S.D. farmboy turned investment banker creates farm management program
After growing up on a South Dakota farm, Scott Anderson became a Wall Street investment banker.
But when his dad retired, he moved back to the family farm near Andover and brought some of his Wall Street wisdom with him.
"There were so many formulas and algorithms that it was unusable by anybody but me," he said.
Still, he knew there was something valuable in what he had done, so in September he pitched his project at a startup event in Minneapolis for technology entrepreneurs.
His was one of 12 projects chosen out of 40 presenters for further development. He met with a team of developers and salespeople, and they created the management and marketing program, CashCow Farmer, which they released in December.
"It's been going really well," Anderson said. "Farmers are really interested in signing up, mainly because the pressure on margins this year is really bad."
Bankers also like the program, he said, because it's a true financial statement for farms.
"Farmers don't always sell within that calendar year, so their income is always fluctuating greatly based on when they sell," he said. "This tells the banker and the farmer what they can expect to make on that crop."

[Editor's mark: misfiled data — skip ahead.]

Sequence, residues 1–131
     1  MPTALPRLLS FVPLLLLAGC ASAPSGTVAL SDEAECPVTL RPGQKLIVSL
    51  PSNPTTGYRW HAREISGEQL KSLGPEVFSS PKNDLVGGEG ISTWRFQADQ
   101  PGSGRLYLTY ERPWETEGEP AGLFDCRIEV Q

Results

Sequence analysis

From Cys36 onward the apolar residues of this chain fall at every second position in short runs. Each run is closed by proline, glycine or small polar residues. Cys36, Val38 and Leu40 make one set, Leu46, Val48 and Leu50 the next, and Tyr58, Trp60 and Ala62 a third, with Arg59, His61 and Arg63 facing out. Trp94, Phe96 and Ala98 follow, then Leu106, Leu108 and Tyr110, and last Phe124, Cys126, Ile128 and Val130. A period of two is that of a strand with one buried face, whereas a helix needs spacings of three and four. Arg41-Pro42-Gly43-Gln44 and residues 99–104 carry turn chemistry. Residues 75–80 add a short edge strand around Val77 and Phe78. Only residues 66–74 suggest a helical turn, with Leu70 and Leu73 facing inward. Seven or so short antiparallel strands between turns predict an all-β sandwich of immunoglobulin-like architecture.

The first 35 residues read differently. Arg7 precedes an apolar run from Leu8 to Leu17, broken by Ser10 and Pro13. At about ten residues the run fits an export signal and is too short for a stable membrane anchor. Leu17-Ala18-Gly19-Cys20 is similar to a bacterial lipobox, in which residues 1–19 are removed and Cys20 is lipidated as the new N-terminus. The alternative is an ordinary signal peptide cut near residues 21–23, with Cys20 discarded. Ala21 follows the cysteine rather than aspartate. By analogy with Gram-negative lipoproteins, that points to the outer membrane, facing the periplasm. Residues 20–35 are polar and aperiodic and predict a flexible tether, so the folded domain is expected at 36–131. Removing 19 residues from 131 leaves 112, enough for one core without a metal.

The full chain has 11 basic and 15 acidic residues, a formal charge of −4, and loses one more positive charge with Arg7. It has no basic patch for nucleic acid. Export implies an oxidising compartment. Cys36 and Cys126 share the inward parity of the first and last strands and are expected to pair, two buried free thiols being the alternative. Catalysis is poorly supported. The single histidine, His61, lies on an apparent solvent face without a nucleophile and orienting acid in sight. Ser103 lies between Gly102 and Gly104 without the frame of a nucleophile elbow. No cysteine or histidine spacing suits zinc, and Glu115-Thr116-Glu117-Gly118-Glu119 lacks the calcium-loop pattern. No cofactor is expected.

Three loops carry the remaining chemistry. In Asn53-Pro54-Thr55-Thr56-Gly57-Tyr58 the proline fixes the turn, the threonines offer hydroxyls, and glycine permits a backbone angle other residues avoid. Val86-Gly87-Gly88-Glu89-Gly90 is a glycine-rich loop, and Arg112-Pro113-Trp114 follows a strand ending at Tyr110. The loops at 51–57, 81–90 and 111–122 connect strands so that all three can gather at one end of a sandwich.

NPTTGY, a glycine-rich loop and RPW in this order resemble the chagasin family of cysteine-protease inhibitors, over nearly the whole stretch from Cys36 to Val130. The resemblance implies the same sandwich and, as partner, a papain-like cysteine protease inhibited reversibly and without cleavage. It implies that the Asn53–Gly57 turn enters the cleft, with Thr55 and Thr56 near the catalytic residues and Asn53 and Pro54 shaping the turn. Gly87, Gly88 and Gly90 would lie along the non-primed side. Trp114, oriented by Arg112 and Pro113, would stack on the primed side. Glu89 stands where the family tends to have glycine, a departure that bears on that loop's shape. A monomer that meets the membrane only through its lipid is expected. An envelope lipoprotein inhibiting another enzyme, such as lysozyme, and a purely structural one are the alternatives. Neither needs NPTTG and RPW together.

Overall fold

Anderson was in Fargo recently to talk about CashCow Farmer at a Progressive Ag marketing seminar.
"Farming is so capital-intensive, we've got to be real savvy to make it work," he said.
The program, he said, is user-friendly and allows farmers to manage each field like a separate business by measuring what it costs to produce a bushel of grain on each field. It helps them understand which fields are making money and which are not so they can make informed farm management decisions, he said.
"It simplifies the process so the farmer just has to think about those things that change in his production," Anderson said. "If the yield changes, how is that going to change my income? If I don't do a certain application of fertilizer or if I buy a certain chemical at this price, how is that going to change my income?"
The farmers he talks to, he said, typically use Excel spreadsheets or pencils and paper.
Nate Yourchuck of Minneapolis, the program's main developer and chief technology officer, said most people appreciate the program's simplicity.
"It's very easy to enter in the numbers and it steps them through a process of building on a price sheet, seeing how much money they paid for fertilizer, how much they paid for seeds," he said. "Then they enter in their fields, how big each field is, how many seeds they're planting in each field, how much fertilizer they're applying, and the program does all the calculations for you to tell you how much money you're going to make on each field."
CashCow farmer costs $750 to $1,500 a year, and can be purchased through Progressive Ag or at https://cashcowfarmer.com.
"In farming and in any sort of business, luck favors the prepared, those people who are most prepared to take advantage of opportunities when they come," Anderson said.